Madagascar is the fourth largest island in the world. Approximately 90% of the species in Madagascar are indigenous and many are in danger of extinction due to the island currently hovering around 90% deforestation. The population currently stands at 19 million but is supposed to double in 15-20 years. In order to provide food the villagers rely on slash and burn methods to make more farmland. The organization I will be working with is trying to help them find sustainable methods for both food and farming. The average Malagasy person lives on less than $250USD a year. The main industry is agriculture with Madagascar being the largest exporter of vanilla in the world. As a stop along many trade routes, Madagascar has had rich cultural influences from all over the world.

Saturday, November 28, 2009

Plane Tickets and Medical Supplies

Good news, I purchased my plane tickets to Madagascar today and even better news, the fare went down from $2740 to $1750 in the three days since I last checked on it! I can't believe my luck!

I still have to call Air Madagascar to get a flight from the capital city of Antananarivo to Tolagnaro but that can wait for another day as it involves calling Bank of America again and explaining that I am making a foreign charge. When I did this to pay my initial deposit they rejected the charge and placed a fraud alert on my account even though I had called ahead, which required me to call them back. Lovely. The people from Azafady did say in their survival guide to "get ready to have nothing turn out quite the way you plan and make the best of it". I think this experience will definitely test my limits at times.

In other trip prep news check out my sweet stash of required medical supplies I gathered up today! Thank you Medical Savings Account! Now I just need to get a prescription for and purchase needles, a transfusion kit and a crap-ton of antibiotics...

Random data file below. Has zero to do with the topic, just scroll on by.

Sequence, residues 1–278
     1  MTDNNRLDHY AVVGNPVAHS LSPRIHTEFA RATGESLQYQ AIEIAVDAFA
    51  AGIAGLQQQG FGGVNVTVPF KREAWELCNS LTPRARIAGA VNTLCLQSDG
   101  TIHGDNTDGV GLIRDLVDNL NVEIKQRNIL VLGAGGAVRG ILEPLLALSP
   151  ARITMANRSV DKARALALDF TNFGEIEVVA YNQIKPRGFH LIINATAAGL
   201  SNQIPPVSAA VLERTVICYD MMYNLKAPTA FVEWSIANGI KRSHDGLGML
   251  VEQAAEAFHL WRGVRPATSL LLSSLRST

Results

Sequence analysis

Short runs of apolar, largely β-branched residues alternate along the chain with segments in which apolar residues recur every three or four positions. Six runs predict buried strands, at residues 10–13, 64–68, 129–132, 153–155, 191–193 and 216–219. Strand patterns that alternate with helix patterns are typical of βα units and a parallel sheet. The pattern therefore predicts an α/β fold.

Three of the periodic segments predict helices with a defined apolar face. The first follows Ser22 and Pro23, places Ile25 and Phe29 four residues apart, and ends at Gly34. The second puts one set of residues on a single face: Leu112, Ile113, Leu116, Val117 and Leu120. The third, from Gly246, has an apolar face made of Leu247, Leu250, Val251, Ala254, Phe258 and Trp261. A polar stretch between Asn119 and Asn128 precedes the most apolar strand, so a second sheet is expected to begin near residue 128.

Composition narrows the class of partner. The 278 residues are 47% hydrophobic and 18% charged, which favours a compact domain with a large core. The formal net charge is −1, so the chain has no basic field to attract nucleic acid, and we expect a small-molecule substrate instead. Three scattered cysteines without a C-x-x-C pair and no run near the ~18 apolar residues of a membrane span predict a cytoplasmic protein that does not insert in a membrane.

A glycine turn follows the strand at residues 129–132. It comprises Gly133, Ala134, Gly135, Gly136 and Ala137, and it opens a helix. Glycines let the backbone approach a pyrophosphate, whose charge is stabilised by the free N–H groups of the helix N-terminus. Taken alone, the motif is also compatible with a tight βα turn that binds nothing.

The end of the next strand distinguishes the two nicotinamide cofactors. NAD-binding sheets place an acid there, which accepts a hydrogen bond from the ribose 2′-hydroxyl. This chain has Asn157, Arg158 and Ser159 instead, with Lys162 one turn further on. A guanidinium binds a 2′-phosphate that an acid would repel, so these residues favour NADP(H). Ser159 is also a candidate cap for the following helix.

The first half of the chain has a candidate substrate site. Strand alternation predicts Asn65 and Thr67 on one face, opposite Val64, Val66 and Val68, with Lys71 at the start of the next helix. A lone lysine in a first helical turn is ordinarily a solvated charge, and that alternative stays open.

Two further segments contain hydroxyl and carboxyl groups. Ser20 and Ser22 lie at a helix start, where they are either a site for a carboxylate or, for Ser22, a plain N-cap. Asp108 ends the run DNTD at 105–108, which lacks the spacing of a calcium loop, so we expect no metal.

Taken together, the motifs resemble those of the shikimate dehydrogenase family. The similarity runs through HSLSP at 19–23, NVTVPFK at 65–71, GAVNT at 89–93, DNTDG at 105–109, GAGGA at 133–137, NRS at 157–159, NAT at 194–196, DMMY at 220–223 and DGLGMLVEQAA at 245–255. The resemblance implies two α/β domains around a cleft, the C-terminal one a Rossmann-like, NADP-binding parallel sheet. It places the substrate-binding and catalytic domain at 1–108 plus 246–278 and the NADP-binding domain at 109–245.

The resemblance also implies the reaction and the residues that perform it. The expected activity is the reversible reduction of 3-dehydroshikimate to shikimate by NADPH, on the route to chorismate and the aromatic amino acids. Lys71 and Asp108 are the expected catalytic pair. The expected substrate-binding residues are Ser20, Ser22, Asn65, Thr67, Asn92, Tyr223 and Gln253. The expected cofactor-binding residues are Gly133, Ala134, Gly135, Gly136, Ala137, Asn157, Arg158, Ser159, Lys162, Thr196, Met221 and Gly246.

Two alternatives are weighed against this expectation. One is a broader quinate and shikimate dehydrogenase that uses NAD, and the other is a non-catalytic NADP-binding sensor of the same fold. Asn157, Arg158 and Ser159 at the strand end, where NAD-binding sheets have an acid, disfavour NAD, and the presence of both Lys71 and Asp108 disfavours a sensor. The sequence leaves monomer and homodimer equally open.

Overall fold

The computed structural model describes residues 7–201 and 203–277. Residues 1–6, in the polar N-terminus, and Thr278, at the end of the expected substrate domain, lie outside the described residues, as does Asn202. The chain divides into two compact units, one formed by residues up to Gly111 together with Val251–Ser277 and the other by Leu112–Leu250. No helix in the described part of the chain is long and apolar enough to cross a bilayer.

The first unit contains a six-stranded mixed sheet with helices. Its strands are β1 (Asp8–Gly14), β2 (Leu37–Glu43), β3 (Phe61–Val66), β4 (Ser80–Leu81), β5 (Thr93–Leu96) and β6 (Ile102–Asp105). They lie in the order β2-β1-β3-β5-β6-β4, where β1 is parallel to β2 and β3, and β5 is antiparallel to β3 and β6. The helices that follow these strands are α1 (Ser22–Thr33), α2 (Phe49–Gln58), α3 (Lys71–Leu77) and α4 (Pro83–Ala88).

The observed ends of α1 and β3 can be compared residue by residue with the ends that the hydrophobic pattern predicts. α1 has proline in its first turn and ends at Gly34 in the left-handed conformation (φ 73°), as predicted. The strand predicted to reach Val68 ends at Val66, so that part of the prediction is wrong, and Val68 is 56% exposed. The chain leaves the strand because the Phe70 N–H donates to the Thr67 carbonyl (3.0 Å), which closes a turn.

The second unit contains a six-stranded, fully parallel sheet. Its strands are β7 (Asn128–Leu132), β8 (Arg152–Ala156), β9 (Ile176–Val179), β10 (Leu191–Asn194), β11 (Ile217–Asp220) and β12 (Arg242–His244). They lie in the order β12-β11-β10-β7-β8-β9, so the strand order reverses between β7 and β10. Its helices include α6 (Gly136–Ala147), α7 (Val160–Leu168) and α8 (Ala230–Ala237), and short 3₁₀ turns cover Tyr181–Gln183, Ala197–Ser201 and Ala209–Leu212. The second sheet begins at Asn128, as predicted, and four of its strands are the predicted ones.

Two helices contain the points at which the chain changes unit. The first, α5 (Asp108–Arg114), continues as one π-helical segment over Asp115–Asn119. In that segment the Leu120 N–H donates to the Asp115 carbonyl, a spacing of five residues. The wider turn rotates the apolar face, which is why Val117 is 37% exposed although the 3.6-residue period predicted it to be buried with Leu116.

For those of you who like to know all the details - I am going on this trip through a non-profit organization that is based in London called Azafady which means "you're welcome" in Malagasy. The organization focuses solely on Madagascar and does a variety of projects including building schools, digging wells, working with lemurs, planting trees, bringing medical care and medicine to rural areas and educates the community on everything from personal hygiene to sustainable agriculture to entrepreneurial business practices.

I will be serving from April 1-28th on a team of 20 people from around the world. We sleep in tents we bring, eat the food they prepare and work until the sun goes down. I will be working for two weeks on the Volyhazo project (reforestation, building stoves that use less fuel and working in the tree nursery) and two weeks on the Environmental Education project (provided to the local children). The beaches there are supposed to be some of the best and it is rumored in the literature I received that some surfing may be had!

Friday, November 27, 2009

My first post!

So, if you haven't heard already, I am heading to Madagascar for a volunteering vacation for the month of April 2010. I love adventures, have always wanted to go to Africa and I love the environment so this was an easy choice for me. That doesn't really mean I know exactly what I'm in for but I thought it would be fun. I have a lot of preparations to make before I go and I am supposed to be educating my friends and family about this beautiful country I will be visiting so I will update this blog with the details. Enjoy!